When New Bedford Light asked if there was any type of settlement with Hovan in the works and whether there was information about a search for his successor, Southcoast Health said it had no comment. 

The Light published a list of all 16 members of the health system’s board of trustees and said it reached out to each of them to try to understand what’s happening. Only one member responded, and that was only to say that she couldn’t comment.  

Meanwhile, the legal case concerning Hovan’s ammunition cache remains equally murky and clouded in secrecy. In December, the domestic abuse charge was dismissed by a judge after Hovan’s wife declined to testify. But the ammunition case has fallen into the black hole of what are known in Massachusetts as “show-cause” hearings. 

Under this process, unique to Massachusetts, a clerk magistrate gathers information in a hearing – which is not open to the public – and decides whether there is probable cause to think a crime was committed and, if so, whether to allow the application for criminal charges to go forth.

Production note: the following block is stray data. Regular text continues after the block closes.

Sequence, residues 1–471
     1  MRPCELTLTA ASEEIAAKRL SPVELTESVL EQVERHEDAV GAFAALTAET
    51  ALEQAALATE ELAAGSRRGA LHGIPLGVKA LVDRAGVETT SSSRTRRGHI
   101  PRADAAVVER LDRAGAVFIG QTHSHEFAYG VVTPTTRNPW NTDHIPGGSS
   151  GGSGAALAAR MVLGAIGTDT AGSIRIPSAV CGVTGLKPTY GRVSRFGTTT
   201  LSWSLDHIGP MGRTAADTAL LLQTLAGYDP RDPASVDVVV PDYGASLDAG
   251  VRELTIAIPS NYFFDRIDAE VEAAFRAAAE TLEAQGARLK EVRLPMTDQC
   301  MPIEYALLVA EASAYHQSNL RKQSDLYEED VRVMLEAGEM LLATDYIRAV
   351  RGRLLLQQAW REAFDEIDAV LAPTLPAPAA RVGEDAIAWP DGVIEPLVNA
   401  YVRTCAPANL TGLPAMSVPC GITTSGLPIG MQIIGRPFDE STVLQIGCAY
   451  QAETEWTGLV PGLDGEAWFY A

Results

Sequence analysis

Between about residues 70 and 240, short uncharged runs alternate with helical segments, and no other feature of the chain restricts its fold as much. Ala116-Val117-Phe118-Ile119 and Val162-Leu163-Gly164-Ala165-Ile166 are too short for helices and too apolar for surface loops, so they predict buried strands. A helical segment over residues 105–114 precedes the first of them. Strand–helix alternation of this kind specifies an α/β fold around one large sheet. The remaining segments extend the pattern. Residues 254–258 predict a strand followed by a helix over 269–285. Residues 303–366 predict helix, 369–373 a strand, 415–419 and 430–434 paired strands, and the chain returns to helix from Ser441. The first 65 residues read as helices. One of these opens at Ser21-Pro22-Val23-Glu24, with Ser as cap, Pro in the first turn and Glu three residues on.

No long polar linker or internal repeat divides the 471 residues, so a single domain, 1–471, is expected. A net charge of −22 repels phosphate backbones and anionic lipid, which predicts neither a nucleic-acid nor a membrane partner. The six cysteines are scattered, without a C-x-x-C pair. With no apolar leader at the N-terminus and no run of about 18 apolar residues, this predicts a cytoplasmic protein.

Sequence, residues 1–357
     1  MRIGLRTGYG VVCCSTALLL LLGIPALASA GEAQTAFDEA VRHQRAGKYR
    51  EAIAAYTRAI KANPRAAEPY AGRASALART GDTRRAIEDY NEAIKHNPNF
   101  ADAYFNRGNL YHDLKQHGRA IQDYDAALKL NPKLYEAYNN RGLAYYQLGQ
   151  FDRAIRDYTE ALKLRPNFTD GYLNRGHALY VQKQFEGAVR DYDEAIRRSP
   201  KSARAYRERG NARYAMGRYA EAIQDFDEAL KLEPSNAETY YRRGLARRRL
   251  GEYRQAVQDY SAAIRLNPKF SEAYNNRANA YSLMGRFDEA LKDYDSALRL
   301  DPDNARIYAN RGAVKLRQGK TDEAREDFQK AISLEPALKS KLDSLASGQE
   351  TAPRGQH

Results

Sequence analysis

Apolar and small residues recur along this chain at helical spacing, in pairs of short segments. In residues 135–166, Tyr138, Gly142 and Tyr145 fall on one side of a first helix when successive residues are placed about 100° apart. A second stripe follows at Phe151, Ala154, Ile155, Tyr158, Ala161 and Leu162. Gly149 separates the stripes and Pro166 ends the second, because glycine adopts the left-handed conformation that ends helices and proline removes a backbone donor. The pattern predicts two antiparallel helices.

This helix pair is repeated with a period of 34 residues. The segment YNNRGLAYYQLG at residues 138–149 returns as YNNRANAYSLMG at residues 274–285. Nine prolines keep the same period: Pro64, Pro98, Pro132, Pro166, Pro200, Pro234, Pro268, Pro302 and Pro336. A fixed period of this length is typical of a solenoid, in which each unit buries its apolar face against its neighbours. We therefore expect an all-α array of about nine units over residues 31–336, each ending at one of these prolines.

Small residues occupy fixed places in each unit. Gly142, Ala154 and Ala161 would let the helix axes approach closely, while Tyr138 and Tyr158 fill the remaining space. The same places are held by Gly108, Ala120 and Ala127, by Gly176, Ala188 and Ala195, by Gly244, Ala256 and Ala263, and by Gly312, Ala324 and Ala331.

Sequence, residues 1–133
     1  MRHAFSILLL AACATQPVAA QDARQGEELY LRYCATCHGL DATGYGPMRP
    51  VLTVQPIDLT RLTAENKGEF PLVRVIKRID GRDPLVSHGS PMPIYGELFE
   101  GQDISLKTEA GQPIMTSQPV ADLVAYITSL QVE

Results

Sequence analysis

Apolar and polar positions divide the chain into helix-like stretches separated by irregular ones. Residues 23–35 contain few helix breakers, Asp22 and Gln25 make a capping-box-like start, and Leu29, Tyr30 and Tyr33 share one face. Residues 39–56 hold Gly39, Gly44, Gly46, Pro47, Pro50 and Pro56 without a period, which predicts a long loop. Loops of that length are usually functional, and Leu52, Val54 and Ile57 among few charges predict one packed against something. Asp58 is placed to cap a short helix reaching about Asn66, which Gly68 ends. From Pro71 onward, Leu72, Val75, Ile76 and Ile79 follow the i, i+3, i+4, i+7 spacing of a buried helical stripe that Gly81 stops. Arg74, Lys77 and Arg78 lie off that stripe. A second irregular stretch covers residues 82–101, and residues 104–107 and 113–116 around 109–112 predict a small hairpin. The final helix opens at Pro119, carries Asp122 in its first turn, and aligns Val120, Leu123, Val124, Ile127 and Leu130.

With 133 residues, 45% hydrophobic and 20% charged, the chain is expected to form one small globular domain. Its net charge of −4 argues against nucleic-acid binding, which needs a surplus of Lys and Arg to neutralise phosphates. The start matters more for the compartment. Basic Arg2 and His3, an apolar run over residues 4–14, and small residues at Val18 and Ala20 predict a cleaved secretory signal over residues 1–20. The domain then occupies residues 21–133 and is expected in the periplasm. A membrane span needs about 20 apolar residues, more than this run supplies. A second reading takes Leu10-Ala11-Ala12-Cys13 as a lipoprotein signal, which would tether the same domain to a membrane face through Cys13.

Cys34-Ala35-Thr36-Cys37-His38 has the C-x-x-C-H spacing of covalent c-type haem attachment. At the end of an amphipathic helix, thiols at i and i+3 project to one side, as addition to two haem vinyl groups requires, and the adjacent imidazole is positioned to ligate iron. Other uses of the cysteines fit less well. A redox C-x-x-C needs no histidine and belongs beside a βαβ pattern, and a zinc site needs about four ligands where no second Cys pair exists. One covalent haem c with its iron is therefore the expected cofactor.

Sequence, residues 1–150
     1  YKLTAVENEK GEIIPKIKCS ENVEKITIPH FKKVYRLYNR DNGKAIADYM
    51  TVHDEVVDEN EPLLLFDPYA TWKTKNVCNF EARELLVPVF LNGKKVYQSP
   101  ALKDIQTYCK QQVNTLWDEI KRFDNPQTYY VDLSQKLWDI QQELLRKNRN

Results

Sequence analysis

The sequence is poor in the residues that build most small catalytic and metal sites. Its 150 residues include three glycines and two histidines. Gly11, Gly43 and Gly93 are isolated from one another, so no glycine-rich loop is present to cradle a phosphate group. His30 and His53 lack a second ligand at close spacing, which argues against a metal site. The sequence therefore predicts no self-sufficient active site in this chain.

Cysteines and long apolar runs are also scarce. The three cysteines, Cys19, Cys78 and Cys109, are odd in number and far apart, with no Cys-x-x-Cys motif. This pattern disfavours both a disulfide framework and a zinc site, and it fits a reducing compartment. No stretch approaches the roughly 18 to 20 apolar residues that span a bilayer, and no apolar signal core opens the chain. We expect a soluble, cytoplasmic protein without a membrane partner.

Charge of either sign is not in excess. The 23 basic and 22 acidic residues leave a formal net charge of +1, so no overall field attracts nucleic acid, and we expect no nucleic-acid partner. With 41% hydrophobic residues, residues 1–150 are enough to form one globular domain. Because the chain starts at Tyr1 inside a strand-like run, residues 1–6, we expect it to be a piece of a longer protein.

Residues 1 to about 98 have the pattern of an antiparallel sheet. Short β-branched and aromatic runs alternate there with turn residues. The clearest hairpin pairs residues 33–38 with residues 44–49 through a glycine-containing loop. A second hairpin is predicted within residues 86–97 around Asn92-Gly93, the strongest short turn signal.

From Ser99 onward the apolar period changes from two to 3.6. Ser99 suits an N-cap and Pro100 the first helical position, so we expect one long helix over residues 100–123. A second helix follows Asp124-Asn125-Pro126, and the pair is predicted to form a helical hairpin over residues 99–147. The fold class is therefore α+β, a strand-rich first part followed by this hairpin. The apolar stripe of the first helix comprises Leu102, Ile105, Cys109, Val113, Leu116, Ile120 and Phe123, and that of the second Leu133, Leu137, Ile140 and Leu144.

The Light unsuccessfully appealed to a single justice of the Supreme Judicial Court to have the proceedings opened up. Meanwhile, the Rochester police chief didn’t respond to inquiries from the Light asking about the case, so it’s now unclear where the matter stands. 

Following Boston Globe reporting on the problems inherent in such a secret judicial system, in 2018 the Trial Court appointed a working group of judges and other court officials to review the policies. The group issued a report a year later proposing some changes, but no action has yet been taken. 

For now, it’s not clear what’s happening with Hovan – either in relation to his status at Southcoast Health or any criminal proceedings. But the public is still being very well served by the new journalism enterprise. The very act of shining a light on a lack of transparency can be an important step in putting pressure on the health care and court systems to stop hiding from the public. 

MICHAEL JONAS